30-Year Mortgage Rate Hits Another Record Low

Mortgage insurer Freddie Mac reported Thursday that the average rate for a 30 year, fixed home loan fell to an all-time low of 3.66 percent this week from an average of 3.71 percent a week ago. It’s the seventh time in eight weeks that the average 30-year rate has dropped to its lowest level since the mortgage type debuted in the 1950s. Mortgage rates have combined with a continuous flood of cheaply priced, distressed properties to create some of the most affordable homebuying conditions ever, but a weak labor market and overall economic uncertainty have prevented home sales from improving enough to fuel the recovery.

The average rate on a 15 year fixed loan, commonly utilized for refinance loans, fell to 2.95 percent this week, Freddie also reported, just above the all-time low of 2.94 percent set two weeks ago. Economists say that a surge in refinancings would benefit the broader economy by putting more money in homeowners’ pockets, allowing them to increase their spending. But despite the low interest rates, home sales are still at anemic levels. In a separate report issued Thursday, the National Association of Realtors said that existing home sales fell in May to a seasonally adjusted annual pace of 4.55 million, well below the pace of 6 million associated with a healthy market.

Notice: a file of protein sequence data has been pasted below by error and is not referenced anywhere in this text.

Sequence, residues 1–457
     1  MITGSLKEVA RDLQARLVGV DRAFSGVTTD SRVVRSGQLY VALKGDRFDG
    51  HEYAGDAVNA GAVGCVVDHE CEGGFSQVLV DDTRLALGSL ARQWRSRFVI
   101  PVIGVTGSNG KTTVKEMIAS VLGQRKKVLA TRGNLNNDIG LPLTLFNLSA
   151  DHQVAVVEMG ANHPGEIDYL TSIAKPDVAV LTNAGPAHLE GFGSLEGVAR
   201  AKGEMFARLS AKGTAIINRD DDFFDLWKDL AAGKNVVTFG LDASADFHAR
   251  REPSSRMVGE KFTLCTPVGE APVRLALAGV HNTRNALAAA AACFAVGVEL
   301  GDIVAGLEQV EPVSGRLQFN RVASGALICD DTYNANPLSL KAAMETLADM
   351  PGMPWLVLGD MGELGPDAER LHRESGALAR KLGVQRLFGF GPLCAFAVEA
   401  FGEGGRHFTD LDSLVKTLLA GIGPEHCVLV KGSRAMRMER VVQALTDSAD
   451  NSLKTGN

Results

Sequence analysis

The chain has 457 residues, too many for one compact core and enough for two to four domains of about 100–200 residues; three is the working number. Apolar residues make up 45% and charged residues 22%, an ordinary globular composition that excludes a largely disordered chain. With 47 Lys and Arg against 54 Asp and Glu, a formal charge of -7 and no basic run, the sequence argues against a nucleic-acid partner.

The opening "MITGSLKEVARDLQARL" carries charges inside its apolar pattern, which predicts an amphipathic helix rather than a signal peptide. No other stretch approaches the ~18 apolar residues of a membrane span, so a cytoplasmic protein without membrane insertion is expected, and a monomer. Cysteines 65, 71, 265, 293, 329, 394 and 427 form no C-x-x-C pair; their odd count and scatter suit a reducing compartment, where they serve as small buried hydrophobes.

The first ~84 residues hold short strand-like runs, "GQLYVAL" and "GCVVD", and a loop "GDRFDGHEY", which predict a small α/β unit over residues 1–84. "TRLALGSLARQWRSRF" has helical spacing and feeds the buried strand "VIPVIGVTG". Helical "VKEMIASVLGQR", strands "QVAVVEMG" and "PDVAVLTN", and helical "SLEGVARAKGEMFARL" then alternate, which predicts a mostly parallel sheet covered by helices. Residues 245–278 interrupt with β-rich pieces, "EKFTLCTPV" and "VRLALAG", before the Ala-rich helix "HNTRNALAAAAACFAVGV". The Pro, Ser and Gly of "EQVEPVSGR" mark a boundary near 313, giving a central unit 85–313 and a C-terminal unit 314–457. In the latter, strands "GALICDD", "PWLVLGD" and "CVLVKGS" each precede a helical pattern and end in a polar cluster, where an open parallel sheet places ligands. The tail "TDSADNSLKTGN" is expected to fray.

One factor hindering home sales is the standards by which banks are approving home loans. Beaten down by the housing crash and ensuing difficulty through the recession, lenders are requiring higher credit scores than ever as well as down payments as high as 20 percent, leaving many Americans interested in buying unable to do so. Interest rates are influenced by the yield on the 10-year Treasury note, which has been declining for months as investors pull money out of the stock market to invest in the relative safety of bonds. Rates will likely continue to fall with the Fed’s announcement on Wednesday that it is extending Operation Twist, a program in which the central bank swaps out short-term securities on its balance sheet for longer-term assets in an attempt to keep long-term interest rates down.